The following values has been refined and consider as tools for humanists & atheists to thrive as an individual or as a community.
None of the following are my work and are/were all found on the internet.
"All our beliefs/values are subject to change in the face of new evidence, including these."
"Be open-minded and be willing to alter your beliefs with new evidence."
“Humanism recognises that reliable knowledge of the world and ourselves arises through a continuing process of observation/investigation/research, evaluation and revision.”
I thought humanists/atheists might like these values (see the links below) I know it is not perfect but I hope it is helpful (forget the religious bit)
Feel free to add your other useful values to these list to complement ithttp://www.restorativeempathy.com/Unive ... mpathy.pdfhttp://www.rsablogs.org.uk/wp-content/u ... arrett.pdfhttp://www.restorativeempathy.com/Feeli ... mpathy.pdfhttps://en.wikipedia.org/wiki/Universal_value
(scroll down for the list)https://en.wikipedia.org/wiki/Values_in ... _Strengths
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Meaning of lifehttps://en.wikipedia.org/wiki/Meaning_of_life
(scroll down for the list)https://en.wikipedia.org/wiki/Fundamental_human_needs
(scroll down for the table)http://static1.1.sqspcdn.com/static/f/1 ... SYeKQTE%3Dhttp://www.refugeofthewomb.com/wp-conte ... ds.jpg.pdf
SECULAR GRACES pinched from the NSS Newslines & internet
From Reginald Le Sueur
To the Farmers and Growers,
To the Butchers and Bakers,
To the Cooks and the Caterers ;
--we give thanks for this meal.
From BHA website:
“Let us think thrice while we are gathering here for this meal. First, let us think of the people we are with today, and make the most of the pleasure of sharing food and drink together. Then, let us think of the people who made the food and drink and brought it to us, who serve us and wait on us, and who clear up and clean up after us. Finally, let us think of all the people all over the world, members with us in the human family, who will not have a meal today.”
“Good food, good meat, Sit down, let’s eat”.
“For this food we about to receive,
We thank those who produced it,
And those who transported it.
We thank those who prepared it,
And those who serve it,
And those who clean it after us.
Let us now sit down and enjoy it”.
By Paul Diamond
Some years ago a woman wrote to Ann Landers. The letter writer told how she and her husband were atheists, though they didn't make a big deal about it. At a family gathering in another state her husband was asked to say grace at dinner. He mumbled something off and let it go at that. The woman wanted Ms. Landers to tell her how to deal with this in the future without compromising their principals. Ms Landers said to pass it off, to say, "Let cousin Lem do it,” or something to that effect.
That column inspired me to compose a 'Non-Believers Grace.' I sent it to Ann Landers but, to no surprise, she never responded. I share it here for humanists and freethinkers this Thanksgiving.
A Non-Believers Grace
I offer my deepest appreciation and my most profound apologies to the plants and animals whose lives were forfeit for our good health this day.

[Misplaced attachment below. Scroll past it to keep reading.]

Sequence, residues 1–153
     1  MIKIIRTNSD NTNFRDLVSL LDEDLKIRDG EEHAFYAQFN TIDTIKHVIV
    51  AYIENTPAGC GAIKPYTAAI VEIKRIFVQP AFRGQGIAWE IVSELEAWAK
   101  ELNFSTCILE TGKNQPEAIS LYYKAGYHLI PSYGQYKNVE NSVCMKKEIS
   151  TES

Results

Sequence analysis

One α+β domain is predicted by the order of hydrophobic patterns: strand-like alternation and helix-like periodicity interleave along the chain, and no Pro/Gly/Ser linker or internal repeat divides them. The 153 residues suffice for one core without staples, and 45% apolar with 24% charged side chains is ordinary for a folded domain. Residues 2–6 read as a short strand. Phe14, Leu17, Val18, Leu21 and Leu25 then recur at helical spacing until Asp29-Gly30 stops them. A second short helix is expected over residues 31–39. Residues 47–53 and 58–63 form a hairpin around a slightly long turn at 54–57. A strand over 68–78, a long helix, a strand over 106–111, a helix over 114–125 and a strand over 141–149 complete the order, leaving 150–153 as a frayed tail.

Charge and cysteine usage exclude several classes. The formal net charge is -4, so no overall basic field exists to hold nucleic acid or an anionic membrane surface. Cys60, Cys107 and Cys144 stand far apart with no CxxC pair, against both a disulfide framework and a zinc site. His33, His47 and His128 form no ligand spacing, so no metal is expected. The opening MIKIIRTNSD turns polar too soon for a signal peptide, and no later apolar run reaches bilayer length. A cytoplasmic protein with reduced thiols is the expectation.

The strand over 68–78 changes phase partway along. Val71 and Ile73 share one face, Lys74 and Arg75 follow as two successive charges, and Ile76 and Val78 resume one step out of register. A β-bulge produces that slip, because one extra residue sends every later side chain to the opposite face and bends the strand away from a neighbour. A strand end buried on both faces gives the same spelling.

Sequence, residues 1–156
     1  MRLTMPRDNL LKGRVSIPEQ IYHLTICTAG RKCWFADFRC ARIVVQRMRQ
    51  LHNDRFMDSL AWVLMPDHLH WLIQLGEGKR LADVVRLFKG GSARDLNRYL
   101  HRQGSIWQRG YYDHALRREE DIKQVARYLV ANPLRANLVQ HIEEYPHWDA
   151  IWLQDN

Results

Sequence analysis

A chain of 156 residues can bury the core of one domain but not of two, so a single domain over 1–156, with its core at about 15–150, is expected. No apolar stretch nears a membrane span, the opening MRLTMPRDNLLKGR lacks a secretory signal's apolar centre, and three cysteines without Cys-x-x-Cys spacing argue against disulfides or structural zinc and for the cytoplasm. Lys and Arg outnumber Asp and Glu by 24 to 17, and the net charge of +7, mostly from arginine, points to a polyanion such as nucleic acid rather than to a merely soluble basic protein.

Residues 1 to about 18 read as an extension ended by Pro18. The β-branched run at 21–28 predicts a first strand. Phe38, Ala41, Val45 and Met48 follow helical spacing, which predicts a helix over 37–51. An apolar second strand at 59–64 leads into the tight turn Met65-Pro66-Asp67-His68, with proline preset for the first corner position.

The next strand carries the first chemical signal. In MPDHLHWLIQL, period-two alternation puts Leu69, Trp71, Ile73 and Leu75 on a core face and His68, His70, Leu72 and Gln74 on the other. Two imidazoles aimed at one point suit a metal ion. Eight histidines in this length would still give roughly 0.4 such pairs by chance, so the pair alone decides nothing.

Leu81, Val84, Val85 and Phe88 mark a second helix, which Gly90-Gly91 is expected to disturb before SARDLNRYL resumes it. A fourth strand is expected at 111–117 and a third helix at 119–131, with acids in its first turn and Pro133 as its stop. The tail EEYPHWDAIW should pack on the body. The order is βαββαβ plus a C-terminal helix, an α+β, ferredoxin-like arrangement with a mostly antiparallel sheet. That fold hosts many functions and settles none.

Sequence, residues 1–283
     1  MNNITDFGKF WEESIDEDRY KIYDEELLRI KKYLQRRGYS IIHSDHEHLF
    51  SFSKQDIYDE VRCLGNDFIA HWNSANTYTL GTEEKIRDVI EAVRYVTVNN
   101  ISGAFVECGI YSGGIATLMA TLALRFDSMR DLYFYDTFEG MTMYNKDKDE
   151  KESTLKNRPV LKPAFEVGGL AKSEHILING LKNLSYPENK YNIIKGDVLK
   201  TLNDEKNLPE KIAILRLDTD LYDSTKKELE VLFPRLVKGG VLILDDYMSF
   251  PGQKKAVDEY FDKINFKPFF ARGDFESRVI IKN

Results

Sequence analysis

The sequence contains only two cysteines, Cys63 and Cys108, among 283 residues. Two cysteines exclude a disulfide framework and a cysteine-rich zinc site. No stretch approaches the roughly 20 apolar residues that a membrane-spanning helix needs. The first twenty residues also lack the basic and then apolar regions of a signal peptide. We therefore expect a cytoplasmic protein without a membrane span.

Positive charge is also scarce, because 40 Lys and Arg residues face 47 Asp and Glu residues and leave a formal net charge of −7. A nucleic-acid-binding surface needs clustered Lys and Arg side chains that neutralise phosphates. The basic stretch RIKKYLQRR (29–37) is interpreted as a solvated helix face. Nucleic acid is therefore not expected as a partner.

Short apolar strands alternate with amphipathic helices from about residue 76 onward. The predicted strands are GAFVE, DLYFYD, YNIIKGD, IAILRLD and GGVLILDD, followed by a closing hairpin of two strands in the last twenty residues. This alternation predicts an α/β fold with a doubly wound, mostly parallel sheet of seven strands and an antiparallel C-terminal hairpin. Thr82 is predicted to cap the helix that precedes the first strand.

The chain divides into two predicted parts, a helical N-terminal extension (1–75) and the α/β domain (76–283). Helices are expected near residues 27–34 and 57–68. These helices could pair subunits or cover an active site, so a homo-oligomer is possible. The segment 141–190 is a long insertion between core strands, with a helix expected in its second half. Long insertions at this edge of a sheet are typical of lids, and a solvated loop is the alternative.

We give thanks to the ranchers and the farmers, their workers and their hands whose skill, sweat and toil have brought forth this bounty from the Earth.
We are grateful to the workers in the fields who pick our food, the workers in the plants where our food is processed, the teamsters who carry it to market and the stockers and the checkers who offer it up for our selection.
We are particularly appreciative for those at this table who have prepared this food with love and affection for our enjoyment and nourishment this day.
We remember fondly those who the miles and circumstance keep from joining us today as we remember those who are no longer with us and are grateful for the time we have shared with them.
We enjoy the warmth and fellowship that surrounds this gathering as we share the fervent hope that people the world over can share the good fortune, warm feeling and conviviality that embraces this gathering.
We are thankful for the food on this table
We are thankful for this time together
Our thoughts go out to family and friends
We hope that they are safe and well
Let's eat/dive in.
Earth we thank you for our food,
For work and play and all that's good,
For wind and rain and sun above,
But most of all for those we love.
posted by McIntaggart at 3:39 AM on August 24, 2005 [2 favorites]
And a short meal gatha:
"We receive this food in gratitude to all beings
Who have helped to bring it to our table,
And vow to respond in turn to those in need
With wisdom and compassion."
Personally I like the idea of contemplating how much went into providing the food.
posted by mendel at 4:43 AM on August 24, 2005 [1 favorite]
My son learned this one in his Montessori school (natch), and we use it quite a bit in our agnostic home:
I am thankful for green grass under me (I am thankful/grateful )
I am thankful for blue skys over me (I am thankful/grateful )
I am thankful for good friends beside me
I am thankful for good food in front of me
and peace all over the world.
posted by Scoo at 7:09 AM on August 24, 2005
"Thank you Chicken for your meat"
posted by daver at 9:53 AM on August 24, 2005
good food, good meat, good vegetable, thank all those whose made it possible, let's eat/dive in.